Antiproliferative effect of peptide fractions isolated from a quality protein maize, a white hybrid maize, and their derived peptides on hepatocarcinoma human HepG2 cells uri icon


  • © 2017 Elsevier LtdHydrolysates and peptides isolated from food proteins have shown antiproliferative effects on cancer cells. Cereals are one of the main sources of protein in the diet; among cereals, maize is the most extensively cultivated and consumed in the world. The aim was to compare the antiproliferative activity of ionic exchange peptide fractions isolated from albumin alcalase hydrolysates of white hybrid (Asgrow-773) and quality protein (CML-502) maize, and their derived peptides, using an in vitro model of human liver cancer. Fraction 10 from Asgrow-773 (IC50 = 8.9 µg/mL) was more potent (p < 0.05) than the one from CML-502 (IC50 = 15.7 µg/mL). The treatment with fraction 10 from both genotypes increased apoptosis induction rates an average of 4-fold in HepG2 cells. These results suggest that the antiproliferative effect on HepG2 cells of peptide fractions isolated from both genotypes, but not pure peptides, was based on induction of apoptosis due to decrease of antiapoptotic factors expression.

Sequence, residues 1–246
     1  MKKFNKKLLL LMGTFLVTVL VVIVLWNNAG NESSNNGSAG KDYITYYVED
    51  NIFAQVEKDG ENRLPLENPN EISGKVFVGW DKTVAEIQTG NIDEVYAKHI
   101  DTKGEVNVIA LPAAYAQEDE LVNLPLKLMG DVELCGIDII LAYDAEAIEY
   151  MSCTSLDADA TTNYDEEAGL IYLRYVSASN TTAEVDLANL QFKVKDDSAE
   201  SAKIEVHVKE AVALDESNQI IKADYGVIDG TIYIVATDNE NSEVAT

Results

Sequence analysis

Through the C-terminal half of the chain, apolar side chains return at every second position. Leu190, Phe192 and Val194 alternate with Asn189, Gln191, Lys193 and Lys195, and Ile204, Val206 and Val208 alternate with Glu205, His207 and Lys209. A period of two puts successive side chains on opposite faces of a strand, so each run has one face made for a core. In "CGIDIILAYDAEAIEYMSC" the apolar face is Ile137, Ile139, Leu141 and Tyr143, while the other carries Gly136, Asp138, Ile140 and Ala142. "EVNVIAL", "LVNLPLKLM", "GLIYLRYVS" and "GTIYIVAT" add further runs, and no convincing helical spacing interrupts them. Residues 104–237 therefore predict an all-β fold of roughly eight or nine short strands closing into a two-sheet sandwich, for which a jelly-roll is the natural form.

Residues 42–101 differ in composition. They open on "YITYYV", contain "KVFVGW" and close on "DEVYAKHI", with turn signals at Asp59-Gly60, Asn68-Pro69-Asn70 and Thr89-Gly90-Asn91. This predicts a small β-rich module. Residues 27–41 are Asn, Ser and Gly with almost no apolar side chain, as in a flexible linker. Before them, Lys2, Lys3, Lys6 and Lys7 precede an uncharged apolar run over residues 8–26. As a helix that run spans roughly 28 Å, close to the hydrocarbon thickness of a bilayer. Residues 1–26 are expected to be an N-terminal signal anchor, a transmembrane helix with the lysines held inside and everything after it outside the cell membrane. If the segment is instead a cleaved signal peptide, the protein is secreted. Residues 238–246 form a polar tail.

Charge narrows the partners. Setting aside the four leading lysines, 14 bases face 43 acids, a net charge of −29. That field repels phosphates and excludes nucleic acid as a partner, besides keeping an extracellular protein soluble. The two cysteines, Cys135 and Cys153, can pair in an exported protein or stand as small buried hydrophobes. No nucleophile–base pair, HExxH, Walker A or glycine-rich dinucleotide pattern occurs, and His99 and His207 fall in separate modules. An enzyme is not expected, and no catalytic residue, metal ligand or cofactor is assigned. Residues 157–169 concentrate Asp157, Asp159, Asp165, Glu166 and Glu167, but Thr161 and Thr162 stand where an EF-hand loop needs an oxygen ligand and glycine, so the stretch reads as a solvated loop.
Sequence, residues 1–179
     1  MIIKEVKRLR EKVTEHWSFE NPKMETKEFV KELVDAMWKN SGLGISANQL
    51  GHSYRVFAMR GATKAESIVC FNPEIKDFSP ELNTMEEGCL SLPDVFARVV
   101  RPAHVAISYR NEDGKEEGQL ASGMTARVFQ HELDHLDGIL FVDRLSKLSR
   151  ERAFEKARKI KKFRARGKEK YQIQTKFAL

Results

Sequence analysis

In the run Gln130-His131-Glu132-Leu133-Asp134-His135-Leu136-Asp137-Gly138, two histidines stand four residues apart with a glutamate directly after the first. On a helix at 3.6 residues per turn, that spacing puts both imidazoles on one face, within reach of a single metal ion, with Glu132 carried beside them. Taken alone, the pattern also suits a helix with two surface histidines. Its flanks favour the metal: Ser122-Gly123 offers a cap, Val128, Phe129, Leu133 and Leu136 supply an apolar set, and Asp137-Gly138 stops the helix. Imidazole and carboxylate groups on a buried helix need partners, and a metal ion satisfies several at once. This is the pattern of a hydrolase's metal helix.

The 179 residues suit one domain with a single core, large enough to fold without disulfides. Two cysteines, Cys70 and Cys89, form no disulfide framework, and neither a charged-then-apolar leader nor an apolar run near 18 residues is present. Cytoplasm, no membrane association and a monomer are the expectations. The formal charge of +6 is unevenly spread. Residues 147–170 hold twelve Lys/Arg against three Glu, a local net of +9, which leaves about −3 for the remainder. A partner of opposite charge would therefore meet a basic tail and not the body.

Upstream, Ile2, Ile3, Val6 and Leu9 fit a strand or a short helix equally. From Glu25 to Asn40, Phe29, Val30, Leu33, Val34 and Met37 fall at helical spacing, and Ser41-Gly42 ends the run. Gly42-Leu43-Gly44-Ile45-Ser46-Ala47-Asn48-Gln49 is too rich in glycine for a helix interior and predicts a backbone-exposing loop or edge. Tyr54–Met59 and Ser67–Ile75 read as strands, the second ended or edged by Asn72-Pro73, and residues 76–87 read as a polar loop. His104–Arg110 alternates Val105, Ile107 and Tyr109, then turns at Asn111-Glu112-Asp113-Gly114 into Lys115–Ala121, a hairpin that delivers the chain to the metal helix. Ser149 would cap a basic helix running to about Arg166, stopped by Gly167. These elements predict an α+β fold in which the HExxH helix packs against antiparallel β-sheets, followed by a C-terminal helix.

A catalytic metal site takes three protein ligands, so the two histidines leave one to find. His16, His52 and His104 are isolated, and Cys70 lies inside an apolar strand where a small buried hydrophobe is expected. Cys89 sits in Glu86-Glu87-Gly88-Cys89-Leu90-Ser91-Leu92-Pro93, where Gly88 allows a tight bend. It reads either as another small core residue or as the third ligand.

Publication date

  • July 1, 2017